Fighting Palm Oil Destruction

Permaculture magazine
Monday, 12th February 2018

Lush and Sumatran Orangutan Society have worked with Lithuanian artist, Ernest Zacharevic, to raise awareness to the destructive methods of palm oil farming in Indonesia, which is destroying habit.

A giant SOS distress call has been carved into the landscape of an oil palm plantation in Sumatra by Lithuanian artist Ernest Zacharevic, calling attention to the ongoing destruction of Indonesia’s forests and the demise of iconic species such as the Sumatran orangutan. 

When they’re gone, they’re gone

At the end of 2017, fresh and handmade cosmetics company Lush partnered with conservation charity Sumatran Orangutan Society (SOS) with the launch of the #SOSsumatra campaign and a limited edition Orangutan Soap across Europe. There are only 14,600 orangutans remaining in the wild in Sumatra. In tribute to them, Lush made 14,600 soaps, which flew off the shelves in France, Germany, Italy, Spain, Netherlands, Sweden, Austria, Ireland, Belgium, Norway, Czech Republic, Finland, Luxembourg, Portugal, Estonia, Switzerland and the UK, selling out in many countries in a matter of days and raising £126,014. The proceeds enabled the UK charity’s Indonesian partners, the Orangutan Information Centre, to buy 50 hectares of oil palm plantation land, to reclaim and restore native forest to an area on the edge of the Leuser Ecosystem in Bukit Mas, Sumatra.

Helen Buckland, Director of the Sumatran Orangutan Society, said: “This part of the forest was under attack, with more and more orangutan habitat being lost every week as illegal agriculture encroached into the protected area. By supporting us to buy this land on the buffer zone of the national park, Lush and their customers are enabling us to hold back, and reverse, the tide of forest loss.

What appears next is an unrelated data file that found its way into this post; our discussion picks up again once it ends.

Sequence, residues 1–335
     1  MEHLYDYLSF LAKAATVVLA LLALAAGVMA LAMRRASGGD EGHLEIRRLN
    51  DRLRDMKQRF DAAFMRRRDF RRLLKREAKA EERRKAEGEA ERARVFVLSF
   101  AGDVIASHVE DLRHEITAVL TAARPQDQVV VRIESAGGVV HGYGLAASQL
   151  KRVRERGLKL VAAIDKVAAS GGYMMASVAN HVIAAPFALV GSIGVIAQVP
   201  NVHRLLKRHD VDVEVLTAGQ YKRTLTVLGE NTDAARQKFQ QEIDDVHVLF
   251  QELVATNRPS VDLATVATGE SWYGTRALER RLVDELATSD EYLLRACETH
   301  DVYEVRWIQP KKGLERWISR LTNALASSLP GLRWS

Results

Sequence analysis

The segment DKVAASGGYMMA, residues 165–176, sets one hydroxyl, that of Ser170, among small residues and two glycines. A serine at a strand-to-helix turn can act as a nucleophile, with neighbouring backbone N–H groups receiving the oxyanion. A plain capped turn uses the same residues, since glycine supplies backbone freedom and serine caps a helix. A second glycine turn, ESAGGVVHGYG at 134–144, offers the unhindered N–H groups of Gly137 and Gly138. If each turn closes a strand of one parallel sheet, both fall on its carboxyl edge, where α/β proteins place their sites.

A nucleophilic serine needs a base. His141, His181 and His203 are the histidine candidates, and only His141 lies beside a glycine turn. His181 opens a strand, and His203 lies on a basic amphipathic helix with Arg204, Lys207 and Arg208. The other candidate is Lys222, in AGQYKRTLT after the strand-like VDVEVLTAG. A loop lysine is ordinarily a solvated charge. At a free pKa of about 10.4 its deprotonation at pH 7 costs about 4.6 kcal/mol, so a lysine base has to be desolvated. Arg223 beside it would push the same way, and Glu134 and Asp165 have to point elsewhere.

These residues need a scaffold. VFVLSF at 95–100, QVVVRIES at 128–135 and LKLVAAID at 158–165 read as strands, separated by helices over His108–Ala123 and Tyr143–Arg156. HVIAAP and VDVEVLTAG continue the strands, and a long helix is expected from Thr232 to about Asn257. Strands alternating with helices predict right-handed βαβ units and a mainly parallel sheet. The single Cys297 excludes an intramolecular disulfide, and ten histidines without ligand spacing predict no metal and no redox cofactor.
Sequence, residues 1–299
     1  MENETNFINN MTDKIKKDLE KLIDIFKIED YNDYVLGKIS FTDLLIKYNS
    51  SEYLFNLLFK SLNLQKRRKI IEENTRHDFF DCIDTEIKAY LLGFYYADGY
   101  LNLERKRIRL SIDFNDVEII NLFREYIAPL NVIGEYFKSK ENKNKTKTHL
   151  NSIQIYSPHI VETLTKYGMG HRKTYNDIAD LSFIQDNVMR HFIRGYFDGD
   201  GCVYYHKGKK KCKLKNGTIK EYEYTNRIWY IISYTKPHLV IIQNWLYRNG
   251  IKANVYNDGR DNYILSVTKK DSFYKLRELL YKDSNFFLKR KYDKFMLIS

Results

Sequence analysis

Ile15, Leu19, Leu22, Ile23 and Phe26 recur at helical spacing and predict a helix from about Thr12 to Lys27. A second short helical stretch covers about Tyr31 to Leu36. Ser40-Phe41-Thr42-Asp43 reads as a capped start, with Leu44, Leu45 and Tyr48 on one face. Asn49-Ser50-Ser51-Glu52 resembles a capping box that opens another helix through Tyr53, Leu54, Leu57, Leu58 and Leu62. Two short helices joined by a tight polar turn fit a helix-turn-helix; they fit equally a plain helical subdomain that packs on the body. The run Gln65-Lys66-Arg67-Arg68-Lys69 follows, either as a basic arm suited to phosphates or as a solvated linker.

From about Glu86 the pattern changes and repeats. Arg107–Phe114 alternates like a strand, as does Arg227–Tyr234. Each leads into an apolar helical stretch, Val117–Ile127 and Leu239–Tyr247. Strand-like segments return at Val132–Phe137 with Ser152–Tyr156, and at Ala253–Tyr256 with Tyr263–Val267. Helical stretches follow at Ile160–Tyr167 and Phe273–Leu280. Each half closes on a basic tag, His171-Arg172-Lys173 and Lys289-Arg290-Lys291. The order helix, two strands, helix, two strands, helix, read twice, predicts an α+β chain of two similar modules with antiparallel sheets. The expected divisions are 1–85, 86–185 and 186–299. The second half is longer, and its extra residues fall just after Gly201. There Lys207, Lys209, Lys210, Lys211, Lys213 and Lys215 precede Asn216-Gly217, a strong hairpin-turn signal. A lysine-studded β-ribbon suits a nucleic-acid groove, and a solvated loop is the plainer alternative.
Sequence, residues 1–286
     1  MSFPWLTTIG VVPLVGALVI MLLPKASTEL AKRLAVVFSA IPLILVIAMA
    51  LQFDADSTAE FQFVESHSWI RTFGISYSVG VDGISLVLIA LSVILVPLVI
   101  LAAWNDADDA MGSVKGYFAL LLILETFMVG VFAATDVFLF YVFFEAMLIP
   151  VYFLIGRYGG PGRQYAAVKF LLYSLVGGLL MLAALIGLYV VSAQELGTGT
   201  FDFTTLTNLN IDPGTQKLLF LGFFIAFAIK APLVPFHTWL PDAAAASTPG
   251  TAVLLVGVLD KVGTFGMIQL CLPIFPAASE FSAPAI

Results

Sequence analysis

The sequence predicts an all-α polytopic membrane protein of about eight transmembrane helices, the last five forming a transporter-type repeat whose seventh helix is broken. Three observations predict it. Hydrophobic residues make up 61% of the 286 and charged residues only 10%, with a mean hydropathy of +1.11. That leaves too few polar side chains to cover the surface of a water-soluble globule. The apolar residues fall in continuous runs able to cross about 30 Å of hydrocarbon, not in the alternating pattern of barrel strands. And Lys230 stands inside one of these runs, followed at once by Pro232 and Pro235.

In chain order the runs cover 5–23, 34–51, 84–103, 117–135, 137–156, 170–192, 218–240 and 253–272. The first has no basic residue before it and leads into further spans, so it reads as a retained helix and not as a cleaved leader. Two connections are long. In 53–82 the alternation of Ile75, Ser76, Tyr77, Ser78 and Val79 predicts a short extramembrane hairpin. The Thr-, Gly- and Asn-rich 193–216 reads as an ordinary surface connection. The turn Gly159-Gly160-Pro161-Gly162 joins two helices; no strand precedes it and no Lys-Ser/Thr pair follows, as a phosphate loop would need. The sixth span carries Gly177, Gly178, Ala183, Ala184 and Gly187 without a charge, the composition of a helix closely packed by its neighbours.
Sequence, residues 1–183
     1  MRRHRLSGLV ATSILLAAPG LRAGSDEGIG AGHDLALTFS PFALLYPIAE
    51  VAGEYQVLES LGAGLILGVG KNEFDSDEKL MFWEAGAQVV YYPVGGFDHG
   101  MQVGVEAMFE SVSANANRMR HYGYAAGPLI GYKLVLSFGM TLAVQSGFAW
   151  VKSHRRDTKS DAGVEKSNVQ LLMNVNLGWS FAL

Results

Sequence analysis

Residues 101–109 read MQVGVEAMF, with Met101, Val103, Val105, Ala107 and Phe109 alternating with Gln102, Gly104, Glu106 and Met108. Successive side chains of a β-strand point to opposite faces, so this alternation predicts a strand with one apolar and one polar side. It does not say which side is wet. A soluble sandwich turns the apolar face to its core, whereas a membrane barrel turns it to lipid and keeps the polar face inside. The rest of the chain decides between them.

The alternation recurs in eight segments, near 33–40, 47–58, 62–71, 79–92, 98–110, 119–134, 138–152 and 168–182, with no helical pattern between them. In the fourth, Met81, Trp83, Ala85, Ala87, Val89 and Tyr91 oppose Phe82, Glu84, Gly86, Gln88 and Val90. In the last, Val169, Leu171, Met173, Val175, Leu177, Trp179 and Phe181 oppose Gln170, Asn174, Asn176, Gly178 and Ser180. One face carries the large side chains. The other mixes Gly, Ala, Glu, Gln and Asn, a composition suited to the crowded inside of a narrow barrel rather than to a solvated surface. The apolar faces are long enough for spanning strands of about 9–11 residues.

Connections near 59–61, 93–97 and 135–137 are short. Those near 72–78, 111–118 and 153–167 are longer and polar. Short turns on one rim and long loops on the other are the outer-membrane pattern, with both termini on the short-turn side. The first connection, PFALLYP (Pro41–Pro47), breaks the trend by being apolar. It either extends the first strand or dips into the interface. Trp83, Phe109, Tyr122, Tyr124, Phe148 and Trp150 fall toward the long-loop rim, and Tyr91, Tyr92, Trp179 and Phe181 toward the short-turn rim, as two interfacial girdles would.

"The fallen palms will be used as compost to prepare the land for restoration. Our partners, the OIC, with the backing of the local community, will plant tens of thousands of rainforest tree seedlings to return the land to wildlife. We expect to see orangutans and many other species roaming in the new young forest within a couple of years."

Art and the Conservation Conversation

In early 2017 Zacharevic curated a series of unique art projects in and around Sumatra as part of Splash and Burn, an art initiative run with SOS which sought to use the presence of art in critical areas to give rise to a wider conversation on issues affecting community, consumerism, climate change and the ever dwindling wildlife population.

For their latest intervention, #SplashandBurn challenge the idea of ‘Art’ as an abstract gesture by physically altering and shaping the Sumatran landscape.

The canvas for Zacharevic’s latest intervention was an oil palm plantation, land almost totally devoid of wildlife, directly next to the Leuser Ecosystem - the only place in the world where orangutans, tigers, elephants and rhinos coexist. In order to restore the land for wildlife, the charity first needed to remove the oil palm trees. Seizing the opportunity to send a dramatic message, armed with ribbons, a drone and a chainsaw wielding crew, Zacharevic and his team worked across approximately 20 hectares, carving a giant distress call into the landscape of the plantation, by selectively removing oil palms to spell out the letters SOS.